On May 10th, Transylvania University, in Lexington, Kentucky, defunded its student newspaper The Rambler in attempts to silence student voice. This is a direct violation to the freedom of the press and free speech.
University students are outraged.
In an article, Tom Eblen, Chapter President of The Bluegrass Chapter of the Society of Professional Journalists, said, “Transylvania University’s decision to stop compensating the student staff and part-time professional adviser of its online student newspaper, The Rambler, looks like a blatant attempt to silence and control student voices.”
Within 24 hours of Transylvania defunding The Rambler, Transylvania University’s administration shut down a student group for petitioning to regain the freedom of speech on campus.
While the administration will cite fairness and safety for shutting down student speech, there is nothing safe or fair about censorship; there is nothing safe or fair about a university administration deciding what counts as allowable opinion.
Transylvania University is home to a “speech code” which requires all student expression to take place in a speech quarantine zone.
This “speech code” diminishes the values of Transylvania University, as the student handbook reads: “It is recognized that free speech is essential in a democratic society. In addition, allowing students the opportunity to hear views opposed to their own is essential to the liberal arts mission of Transylvania. Students have the right to free and open discourse without being censored on the basis of the content of their message.”
A survey was recently conducted at the university, where an astonishing 10% of the student body responded, and roughly 89% of those students said they do not believe such a speech code should exist.
Why is this censorship law in place if it is unwanted by students and a violation of the First Amendment?
TJ Roberts, student of Transylvania University and writer from the Lexington Herald Leader, writes, “We all can see that current policy creates a hostile environment for free speech and directly contradicts the values of education, the university, and its student body.If the university wanted to represent its student body, it would abolish this code.”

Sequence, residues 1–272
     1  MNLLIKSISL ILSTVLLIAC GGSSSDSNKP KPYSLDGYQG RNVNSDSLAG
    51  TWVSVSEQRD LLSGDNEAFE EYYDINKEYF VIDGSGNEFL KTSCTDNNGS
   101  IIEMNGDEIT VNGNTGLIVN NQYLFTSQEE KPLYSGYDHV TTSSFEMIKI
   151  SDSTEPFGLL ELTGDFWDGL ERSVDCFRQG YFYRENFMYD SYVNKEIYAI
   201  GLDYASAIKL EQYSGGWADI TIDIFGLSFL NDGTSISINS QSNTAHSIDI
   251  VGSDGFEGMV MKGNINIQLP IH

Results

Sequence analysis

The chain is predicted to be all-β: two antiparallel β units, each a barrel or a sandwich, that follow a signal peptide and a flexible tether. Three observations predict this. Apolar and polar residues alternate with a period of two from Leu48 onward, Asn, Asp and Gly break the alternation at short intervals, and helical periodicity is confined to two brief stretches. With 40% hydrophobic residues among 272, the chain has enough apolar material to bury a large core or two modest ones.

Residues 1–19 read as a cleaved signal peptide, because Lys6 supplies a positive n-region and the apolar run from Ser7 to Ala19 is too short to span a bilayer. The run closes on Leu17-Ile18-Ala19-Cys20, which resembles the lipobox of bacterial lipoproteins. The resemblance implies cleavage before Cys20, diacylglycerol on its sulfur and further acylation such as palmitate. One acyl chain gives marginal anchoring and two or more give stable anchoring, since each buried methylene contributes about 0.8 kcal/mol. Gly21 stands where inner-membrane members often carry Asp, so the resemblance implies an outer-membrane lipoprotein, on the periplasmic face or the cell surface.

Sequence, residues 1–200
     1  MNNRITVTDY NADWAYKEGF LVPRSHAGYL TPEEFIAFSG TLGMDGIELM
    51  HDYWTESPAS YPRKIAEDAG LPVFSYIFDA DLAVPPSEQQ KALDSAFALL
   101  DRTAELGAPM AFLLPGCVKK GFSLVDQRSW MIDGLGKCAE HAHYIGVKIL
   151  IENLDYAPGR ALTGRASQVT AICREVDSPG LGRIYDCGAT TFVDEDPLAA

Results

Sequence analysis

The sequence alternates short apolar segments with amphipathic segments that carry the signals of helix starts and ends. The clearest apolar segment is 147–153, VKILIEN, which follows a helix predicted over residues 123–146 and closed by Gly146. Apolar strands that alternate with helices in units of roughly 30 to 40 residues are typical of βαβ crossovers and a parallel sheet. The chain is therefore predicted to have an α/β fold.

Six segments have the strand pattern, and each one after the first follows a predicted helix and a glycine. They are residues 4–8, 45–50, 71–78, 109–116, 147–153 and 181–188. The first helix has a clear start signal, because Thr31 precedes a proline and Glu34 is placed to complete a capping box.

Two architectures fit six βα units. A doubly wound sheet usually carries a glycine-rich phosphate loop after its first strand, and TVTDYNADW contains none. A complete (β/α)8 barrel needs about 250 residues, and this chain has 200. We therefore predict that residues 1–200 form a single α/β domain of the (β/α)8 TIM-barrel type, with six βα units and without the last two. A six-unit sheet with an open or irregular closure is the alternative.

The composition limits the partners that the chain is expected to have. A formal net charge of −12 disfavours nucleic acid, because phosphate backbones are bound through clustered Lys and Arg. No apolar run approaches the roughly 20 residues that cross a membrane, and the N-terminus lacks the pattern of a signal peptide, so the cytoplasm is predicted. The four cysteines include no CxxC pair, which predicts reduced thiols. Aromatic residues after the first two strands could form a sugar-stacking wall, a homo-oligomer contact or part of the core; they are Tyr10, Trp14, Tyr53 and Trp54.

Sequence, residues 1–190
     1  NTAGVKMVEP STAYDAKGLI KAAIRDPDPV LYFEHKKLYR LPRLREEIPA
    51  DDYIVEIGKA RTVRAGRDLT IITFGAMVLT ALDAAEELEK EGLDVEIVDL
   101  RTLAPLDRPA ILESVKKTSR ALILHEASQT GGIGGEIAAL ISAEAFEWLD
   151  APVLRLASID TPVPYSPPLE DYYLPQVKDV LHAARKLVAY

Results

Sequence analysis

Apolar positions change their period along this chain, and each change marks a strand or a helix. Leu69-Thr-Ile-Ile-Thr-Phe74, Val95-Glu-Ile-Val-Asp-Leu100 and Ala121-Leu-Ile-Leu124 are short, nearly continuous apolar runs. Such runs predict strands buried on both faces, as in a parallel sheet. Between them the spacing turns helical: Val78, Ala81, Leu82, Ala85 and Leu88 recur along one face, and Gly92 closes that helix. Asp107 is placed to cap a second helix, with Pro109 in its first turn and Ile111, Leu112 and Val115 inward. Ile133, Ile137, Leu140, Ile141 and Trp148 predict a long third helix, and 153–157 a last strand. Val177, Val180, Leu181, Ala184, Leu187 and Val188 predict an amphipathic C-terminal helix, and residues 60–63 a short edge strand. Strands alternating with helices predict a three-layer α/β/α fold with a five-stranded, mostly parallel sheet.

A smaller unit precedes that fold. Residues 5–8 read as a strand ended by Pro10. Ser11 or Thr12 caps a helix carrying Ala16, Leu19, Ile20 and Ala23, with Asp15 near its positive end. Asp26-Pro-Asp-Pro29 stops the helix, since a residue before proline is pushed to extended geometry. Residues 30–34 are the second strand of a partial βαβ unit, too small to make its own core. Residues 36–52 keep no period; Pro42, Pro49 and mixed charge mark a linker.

On Wednesday, May 1, the Young Democratic Socialists of America (YDSA) chapter of Transylvania University tabled on campus. According to Roberts, YDSA chapter followed none of these protocols and were permitted to table.
The next day, however, conservative students from the Young Americans for Freedom (YAF) Chapter at Transylvania University decided to set up a table to promote free speech at the same place, time, and manner.
Within two minutes of setting up, the administration decided to shut it down.
Why do the standards change for left-wing student groups?
YAF, with similar values as Turning Point USA, was brutally censored for doing nothing wrong.
Are Turning Point USA Chapters also at risk for being targeted for promoting their conservatism in the same way that socialism is promoted? While Transylvania University currently is not home to a TPUSA Chapter, there are chapters throughout the state of Kentucky.
A common argument is that private universities, like Transylvania University, have the right to shut down whatever voice they choose.
Universities, however, cannot silence student voices while also endorsing freedom of speech as protected under the First Amendment.
Roberts writes in an editorial, “When a university endorses freedom of speech in the code of conduct but then implements policies that create a hostile environment for free speech, that university is misleading its current and prospective students.”
The defunding of The Rambler and the institution’s speech codes are part of a free speech crisis happening at Transylvania University.
Students are currently at risk – and more are likely to be – if the freedom of speech continues to be censored with “speech codes”.